The basic truth is that gateway community businesses depend on our national parks being open and properly funded. Our economy depends on their economy.
Washington, D.C. (PRWEB) March 01, 2013
As Congress and the White House struggle to find a compromise to avoid across-the-board budget cuts known as the sequester, nearly 300 businesses who would be directly impacted by national park closures and reduced visitor services today warned the cuts will have devastating impacts on their businesses and local economies nationwide.
“The basic truth is that gateway community businesses depend on our national parks being open and properly funded. Our economy depends on their economy,” said Luke D. Hyde, owner of the Calhoun Country Inn near Great Smoky Mountains National Park in Bryson City, N.C.
The National Parks Conservation Association (NPCA) has been working with businesses across the country to make sure Congress and the President hear their concerns and echoed their remarks. “These indiscriminate across-the-board cuts to our 398 national parks will harm tourism-dependent businesses and communities if our elected leaders allow them to last. Millions of Americans who visit parks rely on these businesses for lodging, tour guides and meals. If national parks are closed or inaccessible due to reduced hours, it hurts businesses and visitors,” said NPCA President Tom Kiernan.
The National Park Service (NPS) earlier this week released annual economic data showing the positive impact national parks have in states. Nationwide, national parks contribute more than $30 billion in economic activity and support more than a quarter million jobs. Park advocates say an upcoming $110 million cut to the Park Service budget will not only be devastating to the parks themselves, but to the many businesses and communities that rely on them to drive sales, and to families that rely on our national parks as affordable and inspiring destinations.
In a letter addressed to President Obama and Congress, businesses rallied to state the harsh reality that reducing park budgets kills jobs. Kirk Hoessle, local business owner of Alaska Wildland Adventures said, “Congress needs to understand that my business suffers when Denali National Park suffers from cuts. Not only do we need to keep park roads and visitor centers open, but we need to make sure visitors have a great experience.”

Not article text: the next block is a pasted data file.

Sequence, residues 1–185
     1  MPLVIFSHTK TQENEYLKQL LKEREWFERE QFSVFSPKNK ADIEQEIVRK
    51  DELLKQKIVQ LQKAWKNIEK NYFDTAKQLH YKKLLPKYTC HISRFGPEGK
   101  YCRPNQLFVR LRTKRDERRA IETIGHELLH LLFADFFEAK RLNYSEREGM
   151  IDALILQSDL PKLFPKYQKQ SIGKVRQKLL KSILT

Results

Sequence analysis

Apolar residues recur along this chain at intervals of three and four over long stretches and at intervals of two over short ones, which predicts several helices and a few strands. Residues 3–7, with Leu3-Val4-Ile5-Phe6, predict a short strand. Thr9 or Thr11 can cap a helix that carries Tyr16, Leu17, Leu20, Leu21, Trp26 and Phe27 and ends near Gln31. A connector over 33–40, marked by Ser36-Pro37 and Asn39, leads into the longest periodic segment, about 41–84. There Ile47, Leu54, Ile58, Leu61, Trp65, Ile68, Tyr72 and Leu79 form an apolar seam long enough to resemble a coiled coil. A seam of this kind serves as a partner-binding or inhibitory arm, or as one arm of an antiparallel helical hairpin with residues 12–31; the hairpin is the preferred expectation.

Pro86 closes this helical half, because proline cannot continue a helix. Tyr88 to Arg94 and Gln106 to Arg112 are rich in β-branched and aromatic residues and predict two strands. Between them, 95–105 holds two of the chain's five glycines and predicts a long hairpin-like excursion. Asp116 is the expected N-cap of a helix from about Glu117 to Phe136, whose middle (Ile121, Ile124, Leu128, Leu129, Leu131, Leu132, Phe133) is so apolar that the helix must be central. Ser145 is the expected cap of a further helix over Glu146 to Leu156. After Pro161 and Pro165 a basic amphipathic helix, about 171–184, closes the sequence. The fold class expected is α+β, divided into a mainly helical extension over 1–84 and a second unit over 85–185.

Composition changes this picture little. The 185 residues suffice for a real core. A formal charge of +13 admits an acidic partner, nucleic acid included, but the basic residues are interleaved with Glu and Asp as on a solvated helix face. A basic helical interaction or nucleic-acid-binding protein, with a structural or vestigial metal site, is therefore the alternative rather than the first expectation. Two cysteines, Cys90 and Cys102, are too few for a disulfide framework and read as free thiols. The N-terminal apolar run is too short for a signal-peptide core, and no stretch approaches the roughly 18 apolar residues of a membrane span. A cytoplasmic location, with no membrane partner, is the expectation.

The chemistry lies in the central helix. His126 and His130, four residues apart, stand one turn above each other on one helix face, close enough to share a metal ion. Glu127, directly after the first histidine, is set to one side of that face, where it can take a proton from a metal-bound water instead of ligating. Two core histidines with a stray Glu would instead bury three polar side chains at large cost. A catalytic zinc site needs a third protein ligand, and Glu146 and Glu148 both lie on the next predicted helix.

William Duckwall, manager of Uncle Ducky Outdoors, an outdoor outfitting company that has been operating in Michigan’s Upper Peninsula since 1988 said, “More cuts to national parks mean less rangers and services, and that isn’t good for my business or any of my neighbors’ businesses.”
According to a recently leaked Park Service memo about potential impacts to park budgets, information suggests the sequester will cause drastic cuts to jobs, educational programs, visitor centers, and visitor access points, including:
- Jobs: Blue Ridge Parkway would cut 21 seasonal interpretive ranger programs, which would result in the closure of 50% of its visitor center-contact stations at our country’s most-visited national park site. By eliminating these seven stations, an 80 mile distance will be put in between each open facility.
- Education: Gettysburg National Military Park would eliminate 20% of its Student Education Programs during the spring, which will impact 2,400 students.
- Impact to Gateway Communities: Glacier National Park’s Going-to-the-Sun Road would delay its reopening by two weeks. In previous instances, closure of the road has resulted to $1 million in lost revenue daily, to surrounding communities and concessions.
- Permanent Visitor Center Closure: Mount Rainier National Park would permanently close its Ohanapecosh Visitor Center, affecting 60,000-85,000 visitors.
- Tourism: Independence National Historical Park would close eight of 16 interpretive sites in the spring and fall, such as the Declaration House, the New Hall Military Museum, and the Todd House, impacting over 84,000 visitors.
“It’s alarming that this very avoidable threat could become a reality. From Yellowstone to Cape Cod, the Grand Canyon and Great Smoky Mountains, our national heritage and local economies are at risk,” said Kiernan.
Every dollar invested in the National Park Service generates about ten dollars in economic activity—yet in today’s dollars, the Park Service budget has already declined by 15 percent over the last decade. According to a recent poll, 9 out of 10 agree that funding for our national parks should be held stable or increased.
For more information about how national parks will be impacted, visit: http://www.npca.org/billions.